MapReduce comprises of 2 parts – Map() – filtering and sorting and Reduce () performs a summary operation. The “MapReduce System” orchestrates by marshalling the distributed servers, running the various tasks in parallel. This speeds up the entire process dramatically.
I met with a startup founder who made the rookie mistake of “talking” to 3 angel investors, focusing his discussion on only 1 person, who was going to lead. He then realized after 6 months that the lead investor was in, but others had gone sideways and were not going to invest. He did not spend enough time with the other investors, assuming that the lead investor would corral them.
You will need a lead investor for your angel round. As the founder you will have to recruit, manage and keep the lead investor engaged. There are other investors who may not lead, but are going to be a part of that round.
Your first priority is to identify the lead. Then you have to soft circle and get the rest of the folks to pony up commitments.
Most founders talk to investors who are not leading in serial fashion, going after then one at a time. I would suggest you MapReduce the process.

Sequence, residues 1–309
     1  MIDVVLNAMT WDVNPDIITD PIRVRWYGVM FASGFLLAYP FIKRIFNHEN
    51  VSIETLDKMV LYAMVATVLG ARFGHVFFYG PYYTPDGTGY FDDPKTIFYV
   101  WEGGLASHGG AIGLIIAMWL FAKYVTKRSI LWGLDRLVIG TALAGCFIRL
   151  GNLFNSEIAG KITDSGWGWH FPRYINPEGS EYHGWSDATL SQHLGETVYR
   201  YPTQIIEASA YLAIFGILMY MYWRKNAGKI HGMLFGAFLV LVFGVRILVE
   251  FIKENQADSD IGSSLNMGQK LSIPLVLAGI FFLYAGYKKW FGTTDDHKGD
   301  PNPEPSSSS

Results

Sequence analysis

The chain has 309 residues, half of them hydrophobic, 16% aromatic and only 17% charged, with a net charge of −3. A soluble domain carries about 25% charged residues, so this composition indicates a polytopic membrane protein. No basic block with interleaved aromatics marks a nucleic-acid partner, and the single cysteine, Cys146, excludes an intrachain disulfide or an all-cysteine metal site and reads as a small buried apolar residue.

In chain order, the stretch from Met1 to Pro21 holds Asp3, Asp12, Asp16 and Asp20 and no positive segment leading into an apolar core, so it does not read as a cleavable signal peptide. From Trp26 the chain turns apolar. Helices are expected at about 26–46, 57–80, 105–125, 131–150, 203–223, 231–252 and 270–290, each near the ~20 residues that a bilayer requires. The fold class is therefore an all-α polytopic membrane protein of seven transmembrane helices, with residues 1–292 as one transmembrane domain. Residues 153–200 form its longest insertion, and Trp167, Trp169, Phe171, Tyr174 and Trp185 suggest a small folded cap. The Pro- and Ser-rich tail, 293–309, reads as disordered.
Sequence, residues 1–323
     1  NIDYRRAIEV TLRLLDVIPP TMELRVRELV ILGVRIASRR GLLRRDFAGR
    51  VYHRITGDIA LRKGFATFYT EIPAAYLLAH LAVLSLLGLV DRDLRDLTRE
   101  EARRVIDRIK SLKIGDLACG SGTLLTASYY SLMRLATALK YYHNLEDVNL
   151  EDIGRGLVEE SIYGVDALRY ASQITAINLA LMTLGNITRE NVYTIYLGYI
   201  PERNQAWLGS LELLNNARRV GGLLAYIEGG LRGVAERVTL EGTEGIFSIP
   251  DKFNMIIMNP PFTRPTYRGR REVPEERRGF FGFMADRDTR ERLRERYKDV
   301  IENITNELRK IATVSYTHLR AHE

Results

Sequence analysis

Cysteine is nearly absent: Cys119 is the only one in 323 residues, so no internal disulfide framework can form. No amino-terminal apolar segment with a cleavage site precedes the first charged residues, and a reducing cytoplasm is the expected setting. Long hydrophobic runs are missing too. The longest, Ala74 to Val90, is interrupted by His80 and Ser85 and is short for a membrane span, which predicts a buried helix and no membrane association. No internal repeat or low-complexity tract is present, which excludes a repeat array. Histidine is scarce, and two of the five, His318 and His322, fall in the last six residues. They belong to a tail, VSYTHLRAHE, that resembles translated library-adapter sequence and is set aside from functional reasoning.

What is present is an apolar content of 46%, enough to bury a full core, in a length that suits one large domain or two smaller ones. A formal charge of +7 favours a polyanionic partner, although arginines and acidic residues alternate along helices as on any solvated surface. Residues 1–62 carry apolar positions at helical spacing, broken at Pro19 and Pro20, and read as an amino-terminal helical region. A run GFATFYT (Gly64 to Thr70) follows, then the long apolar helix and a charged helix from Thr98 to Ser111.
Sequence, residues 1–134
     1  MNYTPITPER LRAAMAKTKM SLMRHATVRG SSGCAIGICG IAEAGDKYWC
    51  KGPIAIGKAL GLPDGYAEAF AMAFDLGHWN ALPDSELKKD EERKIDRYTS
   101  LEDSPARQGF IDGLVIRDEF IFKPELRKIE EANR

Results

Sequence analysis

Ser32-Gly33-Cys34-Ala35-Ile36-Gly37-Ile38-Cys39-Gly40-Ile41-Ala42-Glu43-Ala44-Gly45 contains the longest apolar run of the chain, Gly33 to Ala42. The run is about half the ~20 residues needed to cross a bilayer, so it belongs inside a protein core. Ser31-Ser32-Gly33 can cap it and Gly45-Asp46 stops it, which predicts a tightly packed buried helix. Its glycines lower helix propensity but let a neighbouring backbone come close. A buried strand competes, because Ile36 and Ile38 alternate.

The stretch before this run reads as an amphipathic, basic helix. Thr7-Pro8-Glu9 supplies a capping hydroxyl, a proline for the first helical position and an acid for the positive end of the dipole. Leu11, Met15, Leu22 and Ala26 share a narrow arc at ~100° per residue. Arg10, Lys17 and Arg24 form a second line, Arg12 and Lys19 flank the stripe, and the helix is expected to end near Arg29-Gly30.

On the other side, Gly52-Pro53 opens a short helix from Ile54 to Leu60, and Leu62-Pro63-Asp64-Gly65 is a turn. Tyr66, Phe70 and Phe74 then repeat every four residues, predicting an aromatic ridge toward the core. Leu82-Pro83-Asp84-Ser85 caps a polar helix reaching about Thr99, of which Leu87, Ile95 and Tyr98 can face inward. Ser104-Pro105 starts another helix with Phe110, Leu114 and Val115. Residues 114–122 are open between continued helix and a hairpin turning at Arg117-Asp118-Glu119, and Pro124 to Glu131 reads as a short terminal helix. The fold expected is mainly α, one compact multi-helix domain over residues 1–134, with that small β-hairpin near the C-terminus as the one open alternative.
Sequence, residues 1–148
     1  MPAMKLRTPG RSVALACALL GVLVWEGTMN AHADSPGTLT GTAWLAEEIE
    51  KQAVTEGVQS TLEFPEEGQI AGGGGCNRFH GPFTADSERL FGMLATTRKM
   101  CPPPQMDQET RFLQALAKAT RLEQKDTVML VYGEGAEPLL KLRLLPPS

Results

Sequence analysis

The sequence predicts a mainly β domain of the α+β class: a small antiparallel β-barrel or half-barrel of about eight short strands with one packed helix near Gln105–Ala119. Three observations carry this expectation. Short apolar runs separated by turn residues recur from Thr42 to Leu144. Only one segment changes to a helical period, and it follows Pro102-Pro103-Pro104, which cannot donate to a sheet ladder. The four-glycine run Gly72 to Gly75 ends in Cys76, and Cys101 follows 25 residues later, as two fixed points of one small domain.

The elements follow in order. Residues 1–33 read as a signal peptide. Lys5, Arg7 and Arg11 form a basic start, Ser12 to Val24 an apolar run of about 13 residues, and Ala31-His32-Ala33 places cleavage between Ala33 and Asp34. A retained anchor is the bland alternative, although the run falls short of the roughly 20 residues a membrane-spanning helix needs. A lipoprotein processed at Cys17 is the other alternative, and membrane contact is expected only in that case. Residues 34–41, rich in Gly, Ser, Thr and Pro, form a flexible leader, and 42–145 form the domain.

I know that many folks recommend you have one person in your team responsible for fundraising. I would suggest you filter your investors and assign one person in your team -Map() – to keep other investors “in the loop” – emails, scheduled phone calls or in person briefings.
You (the person responsible to raise the round from investors) should be responsible for the collation and summary – Reduce ().
This reduces risk of waiting for 6 months to finally figure out that you need other co investors and also “involves” your co founders in your company to help with fund raising.
If you go about it in a serial fashion, (i.e. one investor at a time), the elapsed time to get investment done increases dramatically but your risk of closing the round is still the same.
What do you think? Anyone tried this yet?